W. Africa Crude-Sonangol sells out of spot cargoes but offers too high for some buyers

LONDON, April 25 (Reuters) – Angolan state oil company Sonangol has sold all of its spot cargoes for June after several others were carried over and sold from the company’s term allocations.

Some of the term buyers and other prospective customers were reluctant to meet offers which are near all-time highs due to shortages of comparable grades elsewhere.

* Angola’s preliminary June programme released last week was the smallest in over 10 years at just 38 cargoes due to maintenance and outage issues.

* U.S. sanctions on Iran and Venezuela have helped push up demand for medium-heavy crude grades.

* Between three or four cargoes held by Sonangol were assigned to term buyers were re-assigned for spot sale after those customers declined to pay the high prices.

* The carried over cargoes were sold promptly, with one going to Mercuria.

* Some buyers were heard to be resisting sky-high offers for Angolan — which were up around a $1 for some major grades compared to last month — citing backwardation in the market.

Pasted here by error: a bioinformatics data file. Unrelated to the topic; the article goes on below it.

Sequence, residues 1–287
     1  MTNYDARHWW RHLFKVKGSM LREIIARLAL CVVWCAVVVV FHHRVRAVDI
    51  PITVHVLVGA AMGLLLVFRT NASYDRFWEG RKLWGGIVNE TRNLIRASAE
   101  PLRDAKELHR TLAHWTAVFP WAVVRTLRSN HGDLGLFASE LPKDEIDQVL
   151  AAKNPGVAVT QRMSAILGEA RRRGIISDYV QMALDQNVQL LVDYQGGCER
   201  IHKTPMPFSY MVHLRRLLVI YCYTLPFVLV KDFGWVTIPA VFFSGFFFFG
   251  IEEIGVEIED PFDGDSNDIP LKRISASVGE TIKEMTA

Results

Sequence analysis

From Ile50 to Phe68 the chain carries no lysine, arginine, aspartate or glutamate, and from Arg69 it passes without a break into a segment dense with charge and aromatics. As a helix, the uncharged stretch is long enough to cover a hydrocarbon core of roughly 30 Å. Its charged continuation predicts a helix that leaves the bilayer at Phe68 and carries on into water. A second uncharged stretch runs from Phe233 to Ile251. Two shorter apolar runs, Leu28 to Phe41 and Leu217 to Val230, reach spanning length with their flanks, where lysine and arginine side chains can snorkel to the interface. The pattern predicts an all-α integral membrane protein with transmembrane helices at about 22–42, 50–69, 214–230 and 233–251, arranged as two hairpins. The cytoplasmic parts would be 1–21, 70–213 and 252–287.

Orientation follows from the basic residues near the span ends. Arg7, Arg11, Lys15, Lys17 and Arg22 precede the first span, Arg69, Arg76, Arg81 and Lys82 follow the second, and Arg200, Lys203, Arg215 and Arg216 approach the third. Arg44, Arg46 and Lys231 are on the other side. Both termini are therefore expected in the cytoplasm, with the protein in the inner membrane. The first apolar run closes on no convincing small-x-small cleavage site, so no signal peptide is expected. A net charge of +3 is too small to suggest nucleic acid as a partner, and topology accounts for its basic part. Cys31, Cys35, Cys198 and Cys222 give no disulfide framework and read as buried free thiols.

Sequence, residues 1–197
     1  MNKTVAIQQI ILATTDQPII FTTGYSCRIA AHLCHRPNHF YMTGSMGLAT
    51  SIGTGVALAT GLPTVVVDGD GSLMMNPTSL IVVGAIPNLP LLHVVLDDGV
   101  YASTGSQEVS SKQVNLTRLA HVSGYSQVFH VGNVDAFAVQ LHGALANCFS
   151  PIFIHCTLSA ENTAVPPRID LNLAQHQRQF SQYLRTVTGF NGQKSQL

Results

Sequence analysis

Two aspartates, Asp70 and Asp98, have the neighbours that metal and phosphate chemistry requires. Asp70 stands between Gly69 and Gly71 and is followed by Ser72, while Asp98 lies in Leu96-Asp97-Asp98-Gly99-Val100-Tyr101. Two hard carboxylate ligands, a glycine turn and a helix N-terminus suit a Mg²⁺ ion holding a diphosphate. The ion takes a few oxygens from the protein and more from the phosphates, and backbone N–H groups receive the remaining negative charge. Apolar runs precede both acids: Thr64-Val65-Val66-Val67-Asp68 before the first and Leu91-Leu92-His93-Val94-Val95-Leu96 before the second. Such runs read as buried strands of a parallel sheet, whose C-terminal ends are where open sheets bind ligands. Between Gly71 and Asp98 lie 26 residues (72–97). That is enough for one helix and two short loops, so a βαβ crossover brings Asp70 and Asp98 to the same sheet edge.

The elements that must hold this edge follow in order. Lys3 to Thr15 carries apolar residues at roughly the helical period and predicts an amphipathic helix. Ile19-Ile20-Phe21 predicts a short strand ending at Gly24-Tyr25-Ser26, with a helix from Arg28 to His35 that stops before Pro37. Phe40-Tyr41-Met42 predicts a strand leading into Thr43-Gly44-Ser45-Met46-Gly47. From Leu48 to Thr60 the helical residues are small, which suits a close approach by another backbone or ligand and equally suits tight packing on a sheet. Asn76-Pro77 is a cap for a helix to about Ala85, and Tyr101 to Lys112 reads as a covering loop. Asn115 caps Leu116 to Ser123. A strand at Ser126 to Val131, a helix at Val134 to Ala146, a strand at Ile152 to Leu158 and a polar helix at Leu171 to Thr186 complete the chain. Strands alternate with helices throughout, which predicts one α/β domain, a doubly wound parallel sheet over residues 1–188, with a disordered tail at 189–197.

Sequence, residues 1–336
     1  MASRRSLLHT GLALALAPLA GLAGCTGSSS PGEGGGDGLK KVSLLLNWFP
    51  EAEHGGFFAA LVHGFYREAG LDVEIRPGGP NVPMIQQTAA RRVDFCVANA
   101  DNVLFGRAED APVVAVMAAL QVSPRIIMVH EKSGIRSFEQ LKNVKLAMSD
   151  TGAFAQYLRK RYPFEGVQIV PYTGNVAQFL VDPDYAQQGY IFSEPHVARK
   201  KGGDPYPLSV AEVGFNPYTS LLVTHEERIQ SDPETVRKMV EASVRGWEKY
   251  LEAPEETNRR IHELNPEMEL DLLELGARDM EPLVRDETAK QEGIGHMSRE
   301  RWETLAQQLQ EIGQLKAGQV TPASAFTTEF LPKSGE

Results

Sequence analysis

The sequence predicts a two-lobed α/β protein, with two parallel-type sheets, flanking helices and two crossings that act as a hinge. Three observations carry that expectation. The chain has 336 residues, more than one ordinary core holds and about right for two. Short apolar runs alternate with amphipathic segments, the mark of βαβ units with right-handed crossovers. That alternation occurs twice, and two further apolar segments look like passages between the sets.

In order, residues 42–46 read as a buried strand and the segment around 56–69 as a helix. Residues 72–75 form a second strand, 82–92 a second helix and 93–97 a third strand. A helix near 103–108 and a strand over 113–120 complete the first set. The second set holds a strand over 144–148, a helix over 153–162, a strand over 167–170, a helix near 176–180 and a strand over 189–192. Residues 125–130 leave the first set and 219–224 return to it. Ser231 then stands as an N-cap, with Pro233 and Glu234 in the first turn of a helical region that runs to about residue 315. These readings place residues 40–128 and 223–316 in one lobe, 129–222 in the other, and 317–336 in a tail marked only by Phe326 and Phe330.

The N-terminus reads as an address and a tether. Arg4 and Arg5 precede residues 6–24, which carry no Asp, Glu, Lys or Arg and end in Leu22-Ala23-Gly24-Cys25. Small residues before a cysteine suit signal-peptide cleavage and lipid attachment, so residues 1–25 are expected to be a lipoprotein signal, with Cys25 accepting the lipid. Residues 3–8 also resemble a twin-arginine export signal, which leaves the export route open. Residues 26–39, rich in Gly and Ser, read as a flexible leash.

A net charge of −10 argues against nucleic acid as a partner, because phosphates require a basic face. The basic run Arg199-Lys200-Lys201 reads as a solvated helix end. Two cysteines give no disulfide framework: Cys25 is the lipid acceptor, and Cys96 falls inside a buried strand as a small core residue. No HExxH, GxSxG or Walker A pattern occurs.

* Some 20 cargoes of Nigerian crude remain for May-loading.

* Nigerian crude was selling more or less on pace compared to previous months as sellers have climbed down from high offers due to competition from comparable U.S. grades.


* India’s IOC issued a tender for West African grades as well as U.S. grades for loading June 21-30, closing on Thursday.

* Astron Energy in South Africa issued a tender for June 14-16 delivery to its Saldanha Bay port. The tender closes on Thursday.


* China has issued additional crude oil import quotas of 4.31 million tonnes to seven independent refiners to be used for 2019, two sources with knowledge of the matter said.

* Indonesia’s state-owned energy company Pertamina said on Wednesday it had bought its first cargo of U.S. crude oil, which is set to arrive at one of its refineries in June.

* U.S. crude shipments to Asia are expected to slow over the coming weeks as the window to profitably send crude to that continent has repeatedly slammed shut over the last month as U.S. Gulf Coast grades rallied.

Reporting by Noah Browning; editing by David Evans


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